Stages of Inflammation
This is caused by infection or tissue damage
2. Identification by inflammatory sensors (Pattern recognition receptors)
The pathogen or damage is recognised and ‘alarm’ signals are sent to initiate the production of inflammatory mediators.
Cytokines act as ‘messengers’ signalling an immune response
The appropriate immune response clears infection and repairs any damage
Cytokines (small secreted proteins) are the key modulators of inflammation. They can be seen as the communication system to signal whether things are functioning normally or to alert that there is damage, an injury, or an invasion and a defence response is required. As with many metabolic responses, the immune response relies on a feedback loop system to bring the body back into homeostasis (balance) once the infection or damage has been resolved. If there are any functional alterations in the sensors or mediators this can disrupt the homeostatic set point or the feedback loop. If the stimulus, activating the inflammatory response is not properly dealt with, that homeostatic disruption continues to trigger pro-inflammatory events. Over time, a failure to reset homeostasis creates a low grade chronic inflammation. This dysregulation resulting in a continued inflammatory response, has been linked to chronic pain, obesity, type 2 diabetes, atherosclerosis, neurodegenerative disease and cancer.
The major cytokines, Interleukin -1 beta, Interleukin 6 and Tumour necrosis factor, which can be measured in the blood, have been implicated in chronic low grade inflammation and neuro-inflammation. These pro-inflammatory markers have been shown in scientific studies to be reduced in individuals practising yoga. It is this observation, indicating that yoga is beneficial for a healthy immune response, that has led to the recommendation of yoga for those individuals experiencing inflammation.
Maintaining a Healthy Immune system
Clearly, a good healthy immune system is required to be able to protect us against ‘invading’ pathogens and recognise harmful substances or fight potentially disease-causing changes in the body such as cancer.
It is important for all of us, and particularly as we age (See Part 2 – Inflammageing) to look after our immune system. There are a number of things that we can do to maintain a healthy immune system and keep inflammation in check.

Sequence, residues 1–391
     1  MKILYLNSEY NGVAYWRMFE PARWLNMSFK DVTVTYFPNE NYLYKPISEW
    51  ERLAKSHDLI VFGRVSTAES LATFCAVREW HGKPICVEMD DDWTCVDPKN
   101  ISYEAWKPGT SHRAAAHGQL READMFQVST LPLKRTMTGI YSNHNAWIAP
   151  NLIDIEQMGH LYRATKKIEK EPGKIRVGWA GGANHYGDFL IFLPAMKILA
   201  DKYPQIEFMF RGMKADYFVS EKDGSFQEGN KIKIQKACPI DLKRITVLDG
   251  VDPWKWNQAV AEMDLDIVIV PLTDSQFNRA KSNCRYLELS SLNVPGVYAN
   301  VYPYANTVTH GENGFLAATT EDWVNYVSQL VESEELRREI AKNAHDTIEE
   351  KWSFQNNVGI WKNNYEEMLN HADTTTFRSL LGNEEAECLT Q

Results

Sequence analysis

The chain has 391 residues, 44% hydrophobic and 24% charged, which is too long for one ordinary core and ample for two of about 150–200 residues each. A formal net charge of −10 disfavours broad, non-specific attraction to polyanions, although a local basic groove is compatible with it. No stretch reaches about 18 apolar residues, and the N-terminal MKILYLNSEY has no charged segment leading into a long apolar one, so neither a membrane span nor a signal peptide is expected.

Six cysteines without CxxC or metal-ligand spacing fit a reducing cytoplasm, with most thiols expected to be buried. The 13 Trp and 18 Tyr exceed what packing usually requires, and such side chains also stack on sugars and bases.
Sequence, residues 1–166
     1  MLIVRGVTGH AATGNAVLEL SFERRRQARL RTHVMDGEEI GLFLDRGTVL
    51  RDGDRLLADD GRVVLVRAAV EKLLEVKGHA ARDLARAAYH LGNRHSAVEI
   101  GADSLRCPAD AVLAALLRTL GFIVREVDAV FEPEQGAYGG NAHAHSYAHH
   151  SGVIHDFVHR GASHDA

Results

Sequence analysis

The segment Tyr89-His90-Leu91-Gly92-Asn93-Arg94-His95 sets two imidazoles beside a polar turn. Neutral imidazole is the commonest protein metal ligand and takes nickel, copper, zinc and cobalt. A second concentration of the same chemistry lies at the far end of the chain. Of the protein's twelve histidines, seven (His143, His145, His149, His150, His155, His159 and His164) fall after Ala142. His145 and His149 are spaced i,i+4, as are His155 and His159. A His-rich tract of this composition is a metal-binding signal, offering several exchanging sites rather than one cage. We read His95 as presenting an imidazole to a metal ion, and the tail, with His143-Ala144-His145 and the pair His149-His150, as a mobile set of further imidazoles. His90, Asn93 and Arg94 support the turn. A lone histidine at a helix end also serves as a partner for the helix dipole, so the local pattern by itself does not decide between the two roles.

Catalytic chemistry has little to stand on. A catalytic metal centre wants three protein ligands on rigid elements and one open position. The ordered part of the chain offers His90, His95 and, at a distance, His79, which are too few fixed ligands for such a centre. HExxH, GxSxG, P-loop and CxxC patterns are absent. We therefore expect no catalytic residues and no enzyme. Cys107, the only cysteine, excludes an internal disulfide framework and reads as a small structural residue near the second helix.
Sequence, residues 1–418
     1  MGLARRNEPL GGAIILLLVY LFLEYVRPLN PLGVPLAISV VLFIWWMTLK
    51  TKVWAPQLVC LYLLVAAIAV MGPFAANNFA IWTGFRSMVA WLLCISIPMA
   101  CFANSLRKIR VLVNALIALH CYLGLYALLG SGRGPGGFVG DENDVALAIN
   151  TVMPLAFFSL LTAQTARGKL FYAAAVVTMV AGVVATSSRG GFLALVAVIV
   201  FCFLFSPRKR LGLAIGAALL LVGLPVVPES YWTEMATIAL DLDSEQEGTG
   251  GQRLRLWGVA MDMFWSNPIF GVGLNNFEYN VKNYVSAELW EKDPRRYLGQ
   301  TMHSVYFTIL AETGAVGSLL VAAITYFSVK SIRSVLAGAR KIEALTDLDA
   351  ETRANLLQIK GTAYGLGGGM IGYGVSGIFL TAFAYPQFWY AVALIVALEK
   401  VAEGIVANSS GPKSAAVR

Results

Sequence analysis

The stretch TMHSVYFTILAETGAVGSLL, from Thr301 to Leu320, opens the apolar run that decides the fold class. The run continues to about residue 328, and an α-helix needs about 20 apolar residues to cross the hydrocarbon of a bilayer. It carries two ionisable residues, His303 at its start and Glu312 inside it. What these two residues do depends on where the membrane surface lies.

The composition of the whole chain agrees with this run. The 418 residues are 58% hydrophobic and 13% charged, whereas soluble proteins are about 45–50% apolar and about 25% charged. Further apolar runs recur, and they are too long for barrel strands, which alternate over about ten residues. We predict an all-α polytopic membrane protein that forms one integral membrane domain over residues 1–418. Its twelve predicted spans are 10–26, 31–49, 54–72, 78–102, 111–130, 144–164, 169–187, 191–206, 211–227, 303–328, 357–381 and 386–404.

- Eating well – A healthy diet and maintaining a healthy weight
- Exercising regularly
- Moderate alcohol intake
- Adequate sleep
- Minimising stress
At Mindlab, we offer yoga, mindfulness and clinical hypnotherapy. They have all been shown to reduce stress and improve sleep, which impact on the health of our immune system. Furthermore, scientific research has shown that yoga and mindfulness reduce pro-inflammatory markers and improve immune function.
If you are interested in making any changes to benefit your health and wellbeing, why not contact us and see how we can help you?
Davidson R.J., Kabat-Zinn J. et al. (2003) Alterations in Brain and Immune Function Produced by Mindfulness Meditation Psychosomatic Medicine 65:564–570
Desikachar K., Bragdon L., Bossart C. (2008) The yoga of healing: exploring yoga’s holistic model for health and wellbeing. Inter J. Yoga Therapy 15, 17–39
Dunn T.J. and Dimolareva M. (2022) The effects of mindfulness-based interventions on immunity related biomarkers: a comprehensive meta-analysis of randomised controlled trials. Clinical Psychology Review 92, 102124
Estevao C. (2022) The role of yoga in inflammatory markers. Brain, Behaviour & Immunity – Health 20, 100421
The Times, 7th June 2023 Yoga could reduce risk of cancer relapse, say scientists. Gentle sessions may protect recovering patients by reducing inflammation.